Every 28 Hours One-Minute Play Festival

Phase One Oct 20-24, St. Louis County

A Real Life Superhero

Bree Newsome became an Internet and media sensation when she did what many were longing to do but didn’t dare. She scaled a flagpole outside South Carolina's statehouse and brought the flag down, while police officers waited to arrest her below.

Every 28 Hours One-Minute Play Festival

Coming soon across the nation! Oct 20-24!

What is The Ferguson Moment?

We call on artists across the nation to share their responses to the oppression, violence, and resistance to racially motivated police brutality

Resources

Marcia Chatelain, an assistant professor in the Department of History, created the #FergusonSyllabus in response to recent events in Ferguson, Missouri.

Saturday, January 10, 2015

New "Black Lives Matter" exhibit brings race conversation to Art Walk

From KATE BRADSHAW
New "Black Lives Matter" exhibit brings race conversation to Art Walk

Photographer Rossie Newson is expanding upon that inarguable statement with a show during St. Pete's Second Saturday Art Walk tomorrow at the Carter G. Woodson African-American Museum at 2240 9th Ave. S. St. Petersburg MS

His collection, entitled "Black Lives Matter," makes its point using the faces of locals, some who make a difference and others who have the potential to do so.


Read more here... http://cltampa.com/politicalanimal/archives/2015/01/09/new-black-lives-matter-exhibit-brings-race-conversation-to-art-walk#.VLRxU2TF8VE

Friday, January 9, 2015

Yarn Bombing L.A. to post 'Black Lives Matter' outside craft museum

LA Times ARTS & ENTERTAINMENT ARTS & CULTURE Culture Monster


The craft collective Yarn Bombing L.A. installed its latest message outside the Craft and Folk Art Museum. (Yarn Bombing L.A.) by TRE'VELL ANDERSON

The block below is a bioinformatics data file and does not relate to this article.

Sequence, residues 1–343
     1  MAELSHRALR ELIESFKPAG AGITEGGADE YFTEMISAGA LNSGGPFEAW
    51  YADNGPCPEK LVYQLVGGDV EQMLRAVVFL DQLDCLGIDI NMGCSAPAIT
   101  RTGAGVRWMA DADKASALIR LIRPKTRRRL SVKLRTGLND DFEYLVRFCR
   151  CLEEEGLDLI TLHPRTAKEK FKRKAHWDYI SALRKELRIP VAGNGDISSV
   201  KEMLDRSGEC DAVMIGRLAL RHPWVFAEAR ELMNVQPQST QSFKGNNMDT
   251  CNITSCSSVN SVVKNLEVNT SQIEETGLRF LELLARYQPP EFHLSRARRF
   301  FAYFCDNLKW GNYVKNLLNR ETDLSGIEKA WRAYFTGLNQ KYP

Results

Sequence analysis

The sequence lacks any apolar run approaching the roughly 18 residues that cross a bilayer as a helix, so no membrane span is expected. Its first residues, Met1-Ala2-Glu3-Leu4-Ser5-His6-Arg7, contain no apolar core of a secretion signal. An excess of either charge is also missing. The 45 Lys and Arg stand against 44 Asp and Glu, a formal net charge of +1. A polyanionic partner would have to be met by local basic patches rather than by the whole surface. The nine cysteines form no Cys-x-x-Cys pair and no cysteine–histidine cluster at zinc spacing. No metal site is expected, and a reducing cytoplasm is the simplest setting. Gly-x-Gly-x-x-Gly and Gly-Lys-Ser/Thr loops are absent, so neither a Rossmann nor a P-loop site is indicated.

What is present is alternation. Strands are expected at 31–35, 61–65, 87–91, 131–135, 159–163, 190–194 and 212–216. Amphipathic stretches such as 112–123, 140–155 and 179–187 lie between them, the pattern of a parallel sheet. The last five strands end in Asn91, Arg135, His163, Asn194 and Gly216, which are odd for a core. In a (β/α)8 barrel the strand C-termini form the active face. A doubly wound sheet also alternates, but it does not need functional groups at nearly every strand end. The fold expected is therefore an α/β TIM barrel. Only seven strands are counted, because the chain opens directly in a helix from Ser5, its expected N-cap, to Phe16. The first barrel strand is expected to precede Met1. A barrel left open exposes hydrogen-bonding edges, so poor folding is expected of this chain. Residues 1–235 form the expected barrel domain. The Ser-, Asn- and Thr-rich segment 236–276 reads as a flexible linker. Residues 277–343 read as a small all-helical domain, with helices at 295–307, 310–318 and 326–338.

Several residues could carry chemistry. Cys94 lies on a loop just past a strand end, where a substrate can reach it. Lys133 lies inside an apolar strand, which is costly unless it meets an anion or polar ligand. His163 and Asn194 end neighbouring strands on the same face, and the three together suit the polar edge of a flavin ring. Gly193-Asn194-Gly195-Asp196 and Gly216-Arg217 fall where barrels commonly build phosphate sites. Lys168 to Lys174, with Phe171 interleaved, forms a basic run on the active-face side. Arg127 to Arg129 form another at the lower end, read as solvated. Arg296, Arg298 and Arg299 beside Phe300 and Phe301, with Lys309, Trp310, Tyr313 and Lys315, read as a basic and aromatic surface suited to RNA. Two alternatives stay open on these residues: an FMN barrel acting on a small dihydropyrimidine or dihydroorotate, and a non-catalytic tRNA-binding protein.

Known for its knitted graffiti across the city, Yarn Bombing Los Angeles is back with a political message: The collective said it will display the words “Black Lives Matter” on the fence of the Craft and Folk Art Museum starting Monday, its way of supporting the national movement against police brutality and the killings of unarmed African Americans.

The Yarn Bombing L.A. installation, as seen from the sidewalk, with the Craft and Folk Art Museum in the background. (Yarn Bombing L.A.) “With what’s been happening in the United States in the past year, we felt that there are spaces which are not safe for certain members of our community,” said Carol Zou, “head poncho” of Yarn Bombing L.A. “That’s something we wanted to address.”

The art installation is part of the group's revival of its Urban Letters project, a Tumblr page where community members can suggest messages they want turned into knitted displays in public areas around Los Angeles. The site and the subsequent work they do, Zou said, helps to change “the way we look at public space and who gets to access that.”


Read more here... http://www.latimes.com/entertainment/arts/culture/la-et-cm-yarn-bombing-cafam-black-lives-matter-urban-letters-20150107-story.html

"Black Lives Matter: A Night of Conscious Poetry"

From Kyla Gardner
A night of poetry centered on the Black Lives Matter movement will take place Sunday at an Austin cultural center...hosted by Awthentik Poetry at Sankofa Cultural Arts Center in Chicago

Read more here... http://www.dnainfo.com/chicago/20150108/austin/black-lives-matter-poetry-night-be-held-austin-sunday

Monday, January 5, 2015

10 STORIES OF ARTISTS RESPONDING TO POLICE BRUTALITY

From SOMARTS 

BLOG POST: 10 STORIES OF ARTISTS RESPONDING TO POLICE BRUTALITY
WHAT: A round-up of some artistic responses to police violence featuring projects at SOMArts & beyond 
WHO: collected by Elena Gross

Artist Dread Scott performing “On the Impossibility of Freedom in a Country Founded on Slavery and Genocide,” 2014. Photo credit, Dread Scott

Across the country these past few weeks, people have taken to the streets to protest the no-indictment verdicts for police officers in the shooting deaths of two unarmed black men, Michael Brown and Eric Garner. Police brutality in this country is nothing new but increasingly painful for communities of color. Now, perhaps more than ever, is the time many of us look upon the power of art to bring visibility and recognition to these traumas, and to become a source of potential healing. All around the nation are stories of artists addressing these continued injustices. Here is a small list of articles discussing artists at SOMArts and beyond speaking back to police brutality in their work.

Read More here... http://www.somarts.org/artistsrespond/